Kor Kor has completed three out of eight sessions of the rockclimbing course at Rock School, and I am quite taken aback by the flood of emotions that I have felt as a result of the lessons.
In short, the situation isn’t looking too rosy. I thought that he had proven at the trial class that he didn’t inherit my phobia of heights and that the following sessions would just get easier, though I did expect it would not be exactly smooth-sailing. (Which was why I signed him up anyway, no point if there was zero challenge, right?)
Kor Kor is very unwilling to climb the outdoor walls. He’s ok with the indoor walls, where they spend about half of the two-hour lesson. I do see his progress there – he’s now faster and more confident and quite his usual atheletic self. But those walls are only the height of a regular room, not exactly a challenge or worth the money and time and effort to attend the lesson, I think.
Then when they go outside, the problem starts. I see the other kids (all boys between five and seven years old) zooming up the walls. But Kor Kor has only gone up to half the wall and refuses to climb anymore. Worse, he flat out refuses to try again, while the other kids go up 2-3 times.
Basically, only two types of people can go up that wall – the ones who find it easy-peasy, and the ones who have some difficulties but continue trying until they succeed. No need to be humble here, I believe Kor Kor is fully capable of scaling the walls with a bit of effort. So, the problem must be he’s just not trying!! And that really pisses me off big time. I really cannot cannot CANNOT stand my children being lazy or giving up easily. No polite modesty again here, I think I am diligent and I definitely don’t give up easily. So my kids have a good role model (for these two traits at least) and the genes! Then it must be his ATTITUDE problem!
I get very upset and angry. Been giving him tongue-lashings after every lesson. Frankly speaking, I can’t even bring myself to look at him every time he whines and tells the instructor he doesn’t want to try anymore. While the class is still outside, I go back into the school. I feel so unhappy seeing the other boys going up the walls happily and easily, while mine is being so useless.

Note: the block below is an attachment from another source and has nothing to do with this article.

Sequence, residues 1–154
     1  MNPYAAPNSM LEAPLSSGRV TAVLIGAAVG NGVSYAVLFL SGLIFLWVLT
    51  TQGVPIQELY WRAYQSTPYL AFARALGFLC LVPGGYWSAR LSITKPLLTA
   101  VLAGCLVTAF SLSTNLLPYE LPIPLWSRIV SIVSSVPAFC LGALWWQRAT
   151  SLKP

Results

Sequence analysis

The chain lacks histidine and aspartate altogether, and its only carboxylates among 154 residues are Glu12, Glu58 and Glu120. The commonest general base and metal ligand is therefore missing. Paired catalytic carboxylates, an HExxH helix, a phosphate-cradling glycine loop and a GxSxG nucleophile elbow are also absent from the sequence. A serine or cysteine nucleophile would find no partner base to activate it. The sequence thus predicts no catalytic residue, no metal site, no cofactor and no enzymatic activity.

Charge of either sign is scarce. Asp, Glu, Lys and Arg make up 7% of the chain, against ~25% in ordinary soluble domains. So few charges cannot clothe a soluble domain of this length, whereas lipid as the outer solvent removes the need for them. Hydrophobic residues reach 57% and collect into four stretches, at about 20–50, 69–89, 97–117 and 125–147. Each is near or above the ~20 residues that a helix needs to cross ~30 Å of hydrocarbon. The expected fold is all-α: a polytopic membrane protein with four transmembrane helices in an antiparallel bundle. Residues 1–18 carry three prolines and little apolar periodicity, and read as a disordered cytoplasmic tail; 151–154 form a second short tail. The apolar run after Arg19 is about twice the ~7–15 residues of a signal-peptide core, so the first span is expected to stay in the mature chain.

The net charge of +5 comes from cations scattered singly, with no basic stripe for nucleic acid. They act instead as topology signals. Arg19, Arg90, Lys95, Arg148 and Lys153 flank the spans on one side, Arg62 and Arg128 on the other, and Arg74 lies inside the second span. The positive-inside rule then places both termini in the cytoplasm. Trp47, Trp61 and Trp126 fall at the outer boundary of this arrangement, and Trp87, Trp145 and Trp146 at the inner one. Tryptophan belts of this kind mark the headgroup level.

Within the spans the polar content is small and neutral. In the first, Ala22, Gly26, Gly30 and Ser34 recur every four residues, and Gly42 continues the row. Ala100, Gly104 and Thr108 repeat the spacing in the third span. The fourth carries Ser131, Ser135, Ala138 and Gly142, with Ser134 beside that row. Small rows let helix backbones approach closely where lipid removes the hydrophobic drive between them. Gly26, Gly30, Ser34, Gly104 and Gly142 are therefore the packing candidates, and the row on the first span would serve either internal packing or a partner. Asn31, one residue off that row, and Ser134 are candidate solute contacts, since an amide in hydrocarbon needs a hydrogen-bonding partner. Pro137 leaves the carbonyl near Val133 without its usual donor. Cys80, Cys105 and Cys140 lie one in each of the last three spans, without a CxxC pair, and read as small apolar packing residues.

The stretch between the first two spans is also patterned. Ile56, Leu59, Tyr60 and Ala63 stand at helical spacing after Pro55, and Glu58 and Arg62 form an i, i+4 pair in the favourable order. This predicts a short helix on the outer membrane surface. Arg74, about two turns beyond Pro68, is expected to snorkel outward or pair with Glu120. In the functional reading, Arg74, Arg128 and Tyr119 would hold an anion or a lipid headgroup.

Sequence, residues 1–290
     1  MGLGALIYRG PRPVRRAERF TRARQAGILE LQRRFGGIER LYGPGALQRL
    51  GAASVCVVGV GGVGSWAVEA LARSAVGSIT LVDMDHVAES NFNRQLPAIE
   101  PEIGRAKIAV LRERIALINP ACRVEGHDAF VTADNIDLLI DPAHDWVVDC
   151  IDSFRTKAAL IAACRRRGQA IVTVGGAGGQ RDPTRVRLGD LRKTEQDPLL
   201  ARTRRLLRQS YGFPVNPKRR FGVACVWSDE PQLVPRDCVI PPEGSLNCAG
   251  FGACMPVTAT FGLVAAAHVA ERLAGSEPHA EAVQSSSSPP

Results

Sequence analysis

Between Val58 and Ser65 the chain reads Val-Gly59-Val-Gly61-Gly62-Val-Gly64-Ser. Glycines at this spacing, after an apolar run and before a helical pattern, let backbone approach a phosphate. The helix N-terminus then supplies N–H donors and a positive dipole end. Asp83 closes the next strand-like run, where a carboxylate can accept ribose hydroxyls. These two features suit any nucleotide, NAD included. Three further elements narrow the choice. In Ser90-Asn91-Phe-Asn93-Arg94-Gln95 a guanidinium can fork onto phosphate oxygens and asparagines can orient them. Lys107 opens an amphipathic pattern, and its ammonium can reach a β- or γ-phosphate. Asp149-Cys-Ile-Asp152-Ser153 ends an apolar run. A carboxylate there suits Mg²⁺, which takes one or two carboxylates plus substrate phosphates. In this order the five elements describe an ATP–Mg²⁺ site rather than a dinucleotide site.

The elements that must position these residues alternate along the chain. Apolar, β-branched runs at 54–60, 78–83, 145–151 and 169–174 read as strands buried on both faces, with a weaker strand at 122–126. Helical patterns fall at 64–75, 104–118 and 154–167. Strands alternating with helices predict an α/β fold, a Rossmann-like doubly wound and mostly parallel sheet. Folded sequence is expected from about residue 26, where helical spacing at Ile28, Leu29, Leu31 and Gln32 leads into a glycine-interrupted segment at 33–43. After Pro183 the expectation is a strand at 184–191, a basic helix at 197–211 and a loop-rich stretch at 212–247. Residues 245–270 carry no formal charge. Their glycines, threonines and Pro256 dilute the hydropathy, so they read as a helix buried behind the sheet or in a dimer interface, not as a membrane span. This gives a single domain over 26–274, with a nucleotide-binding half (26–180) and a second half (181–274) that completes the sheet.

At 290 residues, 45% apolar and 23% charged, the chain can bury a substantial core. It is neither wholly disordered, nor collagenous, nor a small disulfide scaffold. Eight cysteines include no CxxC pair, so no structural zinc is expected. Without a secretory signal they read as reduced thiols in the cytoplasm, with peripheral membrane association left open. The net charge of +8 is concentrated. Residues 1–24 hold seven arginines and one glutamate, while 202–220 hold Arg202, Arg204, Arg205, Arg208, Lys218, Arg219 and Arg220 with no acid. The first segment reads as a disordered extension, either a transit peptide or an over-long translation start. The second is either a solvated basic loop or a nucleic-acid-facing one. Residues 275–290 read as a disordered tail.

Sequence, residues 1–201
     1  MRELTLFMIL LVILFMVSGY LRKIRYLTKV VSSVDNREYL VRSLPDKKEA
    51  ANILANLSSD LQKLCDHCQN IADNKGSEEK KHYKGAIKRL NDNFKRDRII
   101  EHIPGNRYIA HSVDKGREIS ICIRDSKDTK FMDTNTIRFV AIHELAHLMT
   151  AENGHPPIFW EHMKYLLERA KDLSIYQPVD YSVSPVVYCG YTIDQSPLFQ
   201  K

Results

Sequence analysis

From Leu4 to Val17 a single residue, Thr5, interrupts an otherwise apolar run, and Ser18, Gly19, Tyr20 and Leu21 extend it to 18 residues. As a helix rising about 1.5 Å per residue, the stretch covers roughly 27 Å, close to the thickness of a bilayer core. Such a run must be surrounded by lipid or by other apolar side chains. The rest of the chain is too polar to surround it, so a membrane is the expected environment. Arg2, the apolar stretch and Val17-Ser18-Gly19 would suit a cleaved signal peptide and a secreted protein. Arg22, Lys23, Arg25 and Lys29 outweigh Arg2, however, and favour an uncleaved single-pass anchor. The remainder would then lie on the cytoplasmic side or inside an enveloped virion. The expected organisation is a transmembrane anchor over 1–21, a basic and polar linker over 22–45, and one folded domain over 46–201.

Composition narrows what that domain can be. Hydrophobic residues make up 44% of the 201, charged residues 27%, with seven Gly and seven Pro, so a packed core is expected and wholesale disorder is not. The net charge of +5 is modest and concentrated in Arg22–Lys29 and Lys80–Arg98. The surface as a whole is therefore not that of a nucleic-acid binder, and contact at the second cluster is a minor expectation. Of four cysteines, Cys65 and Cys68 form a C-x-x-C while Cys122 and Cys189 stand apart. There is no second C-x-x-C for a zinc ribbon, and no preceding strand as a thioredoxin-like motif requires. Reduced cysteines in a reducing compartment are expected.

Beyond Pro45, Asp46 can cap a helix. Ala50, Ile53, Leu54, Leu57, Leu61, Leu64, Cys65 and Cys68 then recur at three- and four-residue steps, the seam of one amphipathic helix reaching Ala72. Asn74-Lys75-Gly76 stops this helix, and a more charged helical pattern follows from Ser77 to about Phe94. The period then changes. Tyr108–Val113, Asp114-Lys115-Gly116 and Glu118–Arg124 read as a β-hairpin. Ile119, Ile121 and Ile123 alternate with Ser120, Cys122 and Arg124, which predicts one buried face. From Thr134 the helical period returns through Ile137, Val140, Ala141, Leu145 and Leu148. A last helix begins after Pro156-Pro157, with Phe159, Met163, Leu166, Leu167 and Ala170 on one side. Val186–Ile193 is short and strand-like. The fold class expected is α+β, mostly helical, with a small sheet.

When I ask why, Kor Kor says he is really very tired. But what has he done to be tired?? On rockclimbing days, I don’t set up any play activities. He spends the whole day playing with his trains, reading books, fooling around with the siblings, resting, eating, watching some television… WHAT is he tired about???
Hubby says it’s because the other students are older. OK, it’s true that the next youngest boy is nine months older than Kor Kor. But hey, I am sure all of them go to school before the rockclimbing!!! While Kor Kor is basically doing nothing much at home.
Anyway, if Kor Kor obediently tries everytime, I am ok with him not reaching the peak. If he tries and fails, I will be disappointed but not frustrated. As long as he tries, I am quite sure I won’t be angry and so pissed off. But fact is, every lesson I have to deal with his unwillingness to try. I am really not liking myself much because of all the nasty emotions I feel and the nasty things I say to him. Sigh.
But neither does it mean I am hoping or going to try to be nice and sweet and understanding when he refuses to try. Nope, I definitely still want him to go up that wall. Because there are certain work ethics and values I want him to learn – perseverence, determination, never say die, try and try, tired also must do, cannot also must try, obedience towards teachers (instructors).
Actually, that’s why I signed him up for rockclimbing – for character building. I want to prepare him to have the correct attitude when he starts primary school. Unlike academic lessons, it doesn’t really matter if he hates rockclimbing for the rest of his life. I don’t want to scold him or force him with regards to academic learning, because I am scared of killing his inborn passion for learning. But with rockclimbing as the focal point here, I can impress on him the same values that are important for school.
The unexpected part is the learning which mummy also has to do – to curb my own sense of competitiveness, for one, but I think that is the easiest (yes, easiest despite how very competitive I do feel). The difficult parts – how to support my son when he fails. How to keep smiling and suppress my disappointment when he does try and still fails. How to encourage him to keep trying – encourage, not scold or force. How to react when he simply refuses to try and there’s no excuse for his poor attitude, because even if he is behaving badly, I still love him and I want him to know that. In a way, I am glad I am feeling all these unpleasant and undesirable emotions now, instead of finding out only when he starts primary school.
I am glad I have 1.5 years more, for both of us to learn together. *deep breaths*